If there is mold present in your home, you need to clean it up and deal with the excess humidity by installing a whole home dehumidifier. Even if it isn’t black mold, it’s unsightly and can be an irritant. There are many household cleaning products that can kill mold, or you can make your own with one cup of bleach mixed with one gallon of water. If the problem is pervasive, you’ll want to contact a mold mitigation specialist.
You may be a little surprised to find radon on the list, as it isn’t something that comes up very often. But experts believe that radon may be the second leading cause of lung cancer in the United States, and chances are it’s in your home. Radon is a naturally occurring colorless, odorless, tasteless gas that results from the breakdown of uranium in the soil. Like uranium, it is radioactive. If you have a crawlspace in your home, or cracks in your foundation, there’s a chance radon might be seeping through and poisoning your air.
If you have high radon levels in your home, you may need to have a professional install a radon reduction system to remove it from the air. In the meantime, you can work to keep levels down by making sure your home has proper ventilation and making sure your air is circulating. It’s also a good idea to seal any cracks you have in your floor or walls with plaster or caulk so the radon can’t seep in.
5) Cigarette Smoke
We get it. We’re in North Carolina. Tobacco has been a part of our culture as far back as we can remember. We have a city sharing a name with not one, but two brands of cigarettes. But none of that changes the fact that cigarette smoke is one of the single most dangerous indoor air pollutants in your home. Cigarette smoke is made up of hundreds of chemicals, many of which are poisonous or carcinogenic. Radon might be the second-leading cause of lung cancer, but cigarette smoke takes the unfortunate top prize.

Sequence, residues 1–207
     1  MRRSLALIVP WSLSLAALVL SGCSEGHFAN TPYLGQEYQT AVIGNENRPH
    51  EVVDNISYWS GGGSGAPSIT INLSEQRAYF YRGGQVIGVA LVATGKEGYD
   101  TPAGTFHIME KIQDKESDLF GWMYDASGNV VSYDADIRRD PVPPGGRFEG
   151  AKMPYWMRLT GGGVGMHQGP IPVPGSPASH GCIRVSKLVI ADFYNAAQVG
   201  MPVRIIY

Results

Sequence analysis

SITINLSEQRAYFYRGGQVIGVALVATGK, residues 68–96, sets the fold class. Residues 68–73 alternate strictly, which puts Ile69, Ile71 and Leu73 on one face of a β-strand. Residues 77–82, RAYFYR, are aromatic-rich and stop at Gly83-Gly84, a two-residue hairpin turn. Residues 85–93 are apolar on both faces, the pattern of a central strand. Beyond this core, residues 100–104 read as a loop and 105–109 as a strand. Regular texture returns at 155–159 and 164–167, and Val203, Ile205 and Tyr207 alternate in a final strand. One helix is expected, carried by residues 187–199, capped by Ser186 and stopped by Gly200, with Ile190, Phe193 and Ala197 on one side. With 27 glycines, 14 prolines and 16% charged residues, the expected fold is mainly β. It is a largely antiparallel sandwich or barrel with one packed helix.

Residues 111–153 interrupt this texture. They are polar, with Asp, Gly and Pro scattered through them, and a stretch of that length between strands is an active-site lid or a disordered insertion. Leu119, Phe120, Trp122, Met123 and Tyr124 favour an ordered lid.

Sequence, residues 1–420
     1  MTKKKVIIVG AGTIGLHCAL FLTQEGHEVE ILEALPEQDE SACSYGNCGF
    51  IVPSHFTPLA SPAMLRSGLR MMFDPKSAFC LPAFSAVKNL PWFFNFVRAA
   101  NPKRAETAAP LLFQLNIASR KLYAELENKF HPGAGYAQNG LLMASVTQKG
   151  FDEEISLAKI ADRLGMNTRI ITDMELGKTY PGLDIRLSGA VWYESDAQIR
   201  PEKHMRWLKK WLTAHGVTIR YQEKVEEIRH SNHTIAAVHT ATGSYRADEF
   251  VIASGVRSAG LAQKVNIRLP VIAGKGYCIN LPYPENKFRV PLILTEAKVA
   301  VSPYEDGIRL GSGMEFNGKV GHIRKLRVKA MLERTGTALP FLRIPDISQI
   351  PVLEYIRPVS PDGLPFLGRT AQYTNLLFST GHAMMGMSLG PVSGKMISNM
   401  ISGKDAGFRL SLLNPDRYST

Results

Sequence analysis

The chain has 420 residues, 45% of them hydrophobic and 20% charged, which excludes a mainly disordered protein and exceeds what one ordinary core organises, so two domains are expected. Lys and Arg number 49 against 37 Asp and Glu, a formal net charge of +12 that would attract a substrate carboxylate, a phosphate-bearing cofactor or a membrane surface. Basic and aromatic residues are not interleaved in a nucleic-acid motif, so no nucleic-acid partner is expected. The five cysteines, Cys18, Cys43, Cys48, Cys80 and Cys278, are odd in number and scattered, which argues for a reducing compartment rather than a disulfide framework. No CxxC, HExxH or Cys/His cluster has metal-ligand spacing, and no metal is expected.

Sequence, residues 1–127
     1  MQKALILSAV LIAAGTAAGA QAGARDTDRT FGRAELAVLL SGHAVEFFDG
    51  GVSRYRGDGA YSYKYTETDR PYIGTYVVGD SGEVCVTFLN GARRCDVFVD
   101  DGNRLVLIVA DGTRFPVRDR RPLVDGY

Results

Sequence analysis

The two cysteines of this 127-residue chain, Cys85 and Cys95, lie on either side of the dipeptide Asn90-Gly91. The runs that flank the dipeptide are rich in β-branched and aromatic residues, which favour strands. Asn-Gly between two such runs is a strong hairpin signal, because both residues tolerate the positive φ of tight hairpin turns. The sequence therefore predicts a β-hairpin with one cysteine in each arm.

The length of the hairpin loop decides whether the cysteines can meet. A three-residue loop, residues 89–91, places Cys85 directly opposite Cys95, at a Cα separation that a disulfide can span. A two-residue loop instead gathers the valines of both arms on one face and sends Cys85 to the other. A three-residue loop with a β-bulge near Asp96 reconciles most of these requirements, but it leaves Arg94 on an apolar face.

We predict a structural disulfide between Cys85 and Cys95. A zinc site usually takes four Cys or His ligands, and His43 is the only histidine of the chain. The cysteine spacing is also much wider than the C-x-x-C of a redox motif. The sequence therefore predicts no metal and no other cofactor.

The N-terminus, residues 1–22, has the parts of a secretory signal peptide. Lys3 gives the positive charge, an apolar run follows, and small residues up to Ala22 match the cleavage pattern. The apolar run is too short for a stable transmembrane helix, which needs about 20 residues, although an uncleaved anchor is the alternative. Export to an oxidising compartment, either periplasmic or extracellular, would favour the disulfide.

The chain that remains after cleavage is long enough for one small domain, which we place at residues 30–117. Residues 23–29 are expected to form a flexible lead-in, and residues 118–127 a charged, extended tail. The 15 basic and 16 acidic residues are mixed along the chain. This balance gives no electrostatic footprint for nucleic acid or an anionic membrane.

HEPA filters can help remove some smoke particulates from the air, as well as reduce the odor, but that’s only a band aid. The best way to deal with cigarette smoke as an indoor air pollutant is to not smoke, period. It’s better for you, and everyone else living in your home. But if you do smoke, at least do it outside so the smoke doesn’t linger in your home.
Let Comfort First Help You Clear Your Air
Don’t take the risk of having these pollutants in your home. There are a number of mitigation procedures you can do on your own, but if you truly want to make sure your home is protected, you’ll want the experts at Comfort First to take a look. Plus, throughout March, you can get a free disinfecting UV light with any full HVAC replacement service! Send us a message online or call us at [phone_link] for today for more info and for cleaner, fresher air in your home!
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Had these folks install a couple of whole home dehumidifiers for me. They were prompt, courteous, professional, and efficient. During the installation, several deficiencies were identified from the previous installers of the existing HVAC equipment and rather than step ...